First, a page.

1987 IMO Problems/Problem 2
Problem
In an acute-angled triangle the interior bisector of the angle intersects at and intersects the circumcircle of again at . From point perpendiculars are drawn to and , the feet of these perpendiculars being and respectively. Prove that the quadrilateral and the triangle have equal areas.
Solution
We are to prove that or equivilently, . Thus, we are to prove that . It is clear that since , the segments and are equal. Thus, we have since cyclic quadrilateral gives . Thus, we are to prove that
From the fact that and that is iscoceles, we find that . So, we have . So we are to prove that
We have ,, , ,, and so we are to prove that
We shall show that this is true: Let the altitude from touch at . Then it is obvious that and and thus .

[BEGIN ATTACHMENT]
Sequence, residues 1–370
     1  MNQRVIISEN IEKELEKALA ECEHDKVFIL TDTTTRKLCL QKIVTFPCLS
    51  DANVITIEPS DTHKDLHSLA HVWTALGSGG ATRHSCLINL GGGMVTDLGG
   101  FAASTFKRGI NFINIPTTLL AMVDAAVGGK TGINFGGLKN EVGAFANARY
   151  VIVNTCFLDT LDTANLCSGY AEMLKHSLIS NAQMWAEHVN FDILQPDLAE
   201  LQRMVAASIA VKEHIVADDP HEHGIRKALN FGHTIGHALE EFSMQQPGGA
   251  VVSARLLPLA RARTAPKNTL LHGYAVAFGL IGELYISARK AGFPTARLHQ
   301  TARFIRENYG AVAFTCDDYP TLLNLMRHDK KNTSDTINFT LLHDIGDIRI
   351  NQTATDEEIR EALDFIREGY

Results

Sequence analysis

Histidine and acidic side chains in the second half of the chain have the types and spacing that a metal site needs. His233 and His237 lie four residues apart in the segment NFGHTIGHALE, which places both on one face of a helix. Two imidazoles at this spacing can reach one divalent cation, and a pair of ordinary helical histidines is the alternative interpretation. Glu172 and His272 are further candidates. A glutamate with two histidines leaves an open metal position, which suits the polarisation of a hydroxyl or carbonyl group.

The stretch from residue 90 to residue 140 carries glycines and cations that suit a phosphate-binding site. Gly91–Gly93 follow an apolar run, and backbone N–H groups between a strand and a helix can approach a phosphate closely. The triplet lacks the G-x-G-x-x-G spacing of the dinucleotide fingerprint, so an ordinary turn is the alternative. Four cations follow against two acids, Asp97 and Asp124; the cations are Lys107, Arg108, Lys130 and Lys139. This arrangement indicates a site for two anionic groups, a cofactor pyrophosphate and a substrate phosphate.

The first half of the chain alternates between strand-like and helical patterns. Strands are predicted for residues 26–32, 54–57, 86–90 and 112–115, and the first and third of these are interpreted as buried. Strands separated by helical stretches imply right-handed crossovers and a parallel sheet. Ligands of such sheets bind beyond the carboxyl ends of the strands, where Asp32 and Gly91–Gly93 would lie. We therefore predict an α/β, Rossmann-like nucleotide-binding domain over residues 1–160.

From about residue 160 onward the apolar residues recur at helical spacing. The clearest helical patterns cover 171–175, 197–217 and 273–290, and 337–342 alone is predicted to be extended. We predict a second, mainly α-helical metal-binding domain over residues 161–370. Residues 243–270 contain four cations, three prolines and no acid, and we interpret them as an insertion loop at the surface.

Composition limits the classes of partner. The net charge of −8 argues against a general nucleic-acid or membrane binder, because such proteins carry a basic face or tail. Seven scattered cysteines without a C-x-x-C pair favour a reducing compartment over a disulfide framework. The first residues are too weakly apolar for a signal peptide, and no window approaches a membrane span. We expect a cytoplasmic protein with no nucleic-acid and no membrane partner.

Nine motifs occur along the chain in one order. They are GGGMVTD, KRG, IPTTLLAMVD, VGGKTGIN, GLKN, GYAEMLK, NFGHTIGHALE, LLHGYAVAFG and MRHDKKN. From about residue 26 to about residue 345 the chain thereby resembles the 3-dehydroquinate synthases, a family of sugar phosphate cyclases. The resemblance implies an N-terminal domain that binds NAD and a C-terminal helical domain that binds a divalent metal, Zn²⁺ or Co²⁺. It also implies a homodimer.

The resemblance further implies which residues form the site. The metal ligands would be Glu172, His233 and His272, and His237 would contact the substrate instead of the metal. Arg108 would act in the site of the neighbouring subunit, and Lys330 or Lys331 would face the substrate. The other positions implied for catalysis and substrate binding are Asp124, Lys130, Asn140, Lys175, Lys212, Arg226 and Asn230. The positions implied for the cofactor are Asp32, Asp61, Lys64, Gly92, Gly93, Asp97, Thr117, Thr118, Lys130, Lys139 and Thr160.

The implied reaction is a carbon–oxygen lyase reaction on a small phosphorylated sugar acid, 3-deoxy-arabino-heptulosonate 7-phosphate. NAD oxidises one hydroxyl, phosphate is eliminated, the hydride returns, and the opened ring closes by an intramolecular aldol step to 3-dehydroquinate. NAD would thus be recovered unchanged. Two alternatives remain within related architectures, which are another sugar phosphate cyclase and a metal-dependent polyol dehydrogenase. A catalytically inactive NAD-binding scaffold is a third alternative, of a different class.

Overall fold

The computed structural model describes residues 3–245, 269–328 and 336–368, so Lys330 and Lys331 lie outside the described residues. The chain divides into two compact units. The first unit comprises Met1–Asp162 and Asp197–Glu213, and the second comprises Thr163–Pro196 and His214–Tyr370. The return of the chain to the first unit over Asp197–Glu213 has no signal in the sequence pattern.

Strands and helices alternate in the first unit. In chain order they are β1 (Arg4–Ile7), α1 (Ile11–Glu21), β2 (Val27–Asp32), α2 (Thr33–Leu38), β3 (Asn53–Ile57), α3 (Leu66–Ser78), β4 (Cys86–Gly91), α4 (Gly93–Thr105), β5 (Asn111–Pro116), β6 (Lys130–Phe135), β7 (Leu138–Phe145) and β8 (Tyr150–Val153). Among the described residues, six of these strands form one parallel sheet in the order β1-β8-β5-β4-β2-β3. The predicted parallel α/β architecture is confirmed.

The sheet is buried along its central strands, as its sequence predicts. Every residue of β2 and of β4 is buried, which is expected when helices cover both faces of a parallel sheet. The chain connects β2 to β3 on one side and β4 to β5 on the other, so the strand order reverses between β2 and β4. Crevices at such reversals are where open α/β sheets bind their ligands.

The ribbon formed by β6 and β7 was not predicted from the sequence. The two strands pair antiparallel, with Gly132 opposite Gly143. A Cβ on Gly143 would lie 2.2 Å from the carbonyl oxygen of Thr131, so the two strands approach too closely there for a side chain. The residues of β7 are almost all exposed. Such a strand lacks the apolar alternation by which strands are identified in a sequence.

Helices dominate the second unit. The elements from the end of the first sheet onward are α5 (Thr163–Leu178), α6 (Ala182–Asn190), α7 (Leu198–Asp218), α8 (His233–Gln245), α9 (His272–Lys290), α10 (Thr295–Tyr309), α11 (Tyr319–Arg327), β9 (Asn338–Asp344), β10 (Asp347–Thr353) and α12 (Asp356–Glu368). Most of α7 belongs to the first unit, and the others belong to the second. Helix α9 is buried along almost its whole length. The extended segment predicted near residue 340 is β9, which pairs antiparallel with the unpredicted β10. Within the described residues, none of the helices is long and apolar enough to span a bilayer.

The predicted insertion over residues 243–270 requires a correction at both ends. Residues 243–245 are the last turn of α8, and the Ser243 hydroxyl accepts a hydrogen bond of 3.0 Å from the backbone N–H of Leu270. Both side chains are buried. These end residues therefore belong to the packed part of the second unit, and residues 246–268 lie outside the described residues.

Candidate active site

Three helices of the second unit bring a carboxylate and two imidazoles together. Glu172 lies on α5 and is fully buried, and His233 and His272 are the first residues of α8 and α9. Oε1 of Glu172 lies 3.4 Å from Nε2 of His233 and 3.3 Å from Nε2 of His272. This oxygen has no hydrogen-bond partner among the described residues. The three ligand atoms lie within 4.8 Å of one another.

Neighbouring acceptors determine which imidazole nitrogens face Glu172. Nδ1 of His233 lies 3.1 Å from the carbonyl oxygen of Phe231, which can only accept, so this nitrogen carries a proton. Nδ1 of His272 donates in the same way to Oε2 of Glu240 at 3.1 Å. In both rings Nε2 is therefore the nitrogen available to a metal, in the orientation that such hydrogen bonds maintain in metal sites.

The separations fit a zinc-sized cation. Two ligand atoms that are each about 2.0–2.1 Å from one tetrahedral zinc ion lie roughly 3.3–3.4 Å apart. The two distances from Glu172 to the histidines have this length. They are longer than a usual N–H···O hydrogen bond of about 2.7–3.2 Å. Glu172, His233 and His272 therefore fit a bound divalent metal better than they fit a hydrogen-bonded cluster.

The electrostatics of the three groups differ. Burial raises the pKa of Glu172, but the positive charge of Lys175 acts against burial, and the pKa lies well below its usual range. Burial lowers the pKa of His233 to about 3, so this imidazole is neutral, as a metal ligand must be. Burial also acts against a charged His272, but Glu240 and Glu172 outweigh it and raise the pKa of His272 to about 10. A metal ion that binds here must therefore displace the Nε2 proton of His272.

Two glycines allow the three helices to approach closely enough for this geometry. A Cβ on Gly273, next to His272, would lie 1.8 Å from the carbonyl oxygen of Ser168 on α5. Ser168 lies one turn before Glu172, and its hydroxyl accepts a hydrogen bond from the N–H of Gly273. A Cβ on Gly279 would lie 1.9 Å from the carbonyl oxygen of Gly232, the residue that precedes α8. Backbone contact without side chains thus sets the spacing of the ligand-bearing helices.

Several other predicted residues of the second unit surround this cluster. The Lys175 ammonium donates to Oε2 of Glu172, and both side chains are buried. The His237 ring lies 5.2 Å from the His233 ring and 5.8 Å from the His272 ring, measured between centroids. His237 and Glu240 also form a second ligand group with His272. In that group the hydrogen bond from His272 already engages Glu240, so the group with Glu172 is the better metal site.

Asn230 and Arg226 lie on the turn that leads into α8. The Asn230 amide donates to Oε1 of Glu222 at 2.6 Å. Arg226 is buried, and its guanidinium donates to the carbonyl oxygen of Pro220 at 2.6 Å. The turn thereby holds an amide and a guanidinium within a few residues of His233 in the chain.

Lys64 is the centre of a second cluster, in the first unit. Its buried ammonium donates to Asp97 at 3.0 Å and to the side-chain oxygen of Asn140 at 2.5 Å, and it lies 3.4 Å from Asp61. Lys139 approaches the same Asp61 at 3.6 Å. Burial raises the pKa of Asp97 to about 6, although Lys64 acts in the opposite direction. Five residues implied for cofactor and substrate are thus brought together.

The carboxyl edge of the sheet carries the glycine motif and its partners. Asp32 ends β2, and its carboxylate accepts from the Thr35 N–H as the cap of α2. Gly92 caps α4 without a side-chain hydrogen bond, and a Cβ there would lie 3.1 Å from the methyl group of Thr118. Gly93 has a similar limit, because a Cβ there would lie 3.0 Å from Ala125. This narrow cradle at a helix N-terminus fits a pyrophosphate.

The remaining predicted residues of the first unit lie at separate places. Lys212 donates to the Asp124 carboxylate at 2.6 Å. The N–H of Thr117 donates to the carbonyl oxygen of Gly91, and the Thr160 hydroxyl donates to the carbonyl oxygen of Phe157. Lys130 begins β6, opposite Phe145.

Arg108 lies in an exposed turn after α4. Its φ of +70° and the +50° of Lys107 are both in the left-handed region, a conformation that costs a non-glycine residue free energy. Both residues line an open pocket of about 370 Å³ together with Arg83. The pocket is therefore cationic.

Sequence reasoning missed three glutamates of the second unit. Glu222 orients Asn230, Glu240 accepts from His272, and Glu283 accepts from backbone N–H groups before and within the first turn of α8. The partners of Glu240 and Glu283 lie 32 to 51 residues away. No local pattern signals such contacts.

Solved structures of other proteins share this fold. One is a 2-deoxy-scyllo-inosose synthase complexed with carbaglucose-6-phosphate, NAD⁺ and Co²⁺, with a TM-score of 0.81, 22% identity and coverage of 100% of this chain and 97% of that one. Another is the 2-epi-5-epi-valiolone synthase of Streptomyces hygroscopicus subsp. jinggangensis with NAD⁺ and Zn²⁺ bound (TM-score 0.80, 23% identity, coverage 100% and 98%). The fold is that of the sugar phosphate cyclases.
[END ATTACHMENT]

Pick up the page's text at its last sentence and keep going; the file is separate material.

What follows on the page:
Thus we have proven that .
Solution 2
Clearly, is a kite, so its diagonals are perpendicular. Furthermore, we have triangles and similar because two corresponding angles are equal.
Hence, we have Notice that we used the fact that a quadrilateral's area is equal to half the product of its perpendicular diagonals (if they are, in fact, perpendicular).
But in (right) triangle , we have . Furthermore, if is the intersection of diagonals and we have the midpoint of and an altitude of , so so . Hence as desired.
Solution 3
Proceed as in Solution 2. To prove that , consider that
via usage of definition of sine, equal angles in a right triangle if its altitude is drawn, and the Law of Sines.
See also
1987 IMO (Problems) • Resources) | ||
Preceded by Problem 1 |
1 • 2 • 3 • 4 • 5 • 6 | Followed by Problem 3 |
All IMO Problems and Solutions |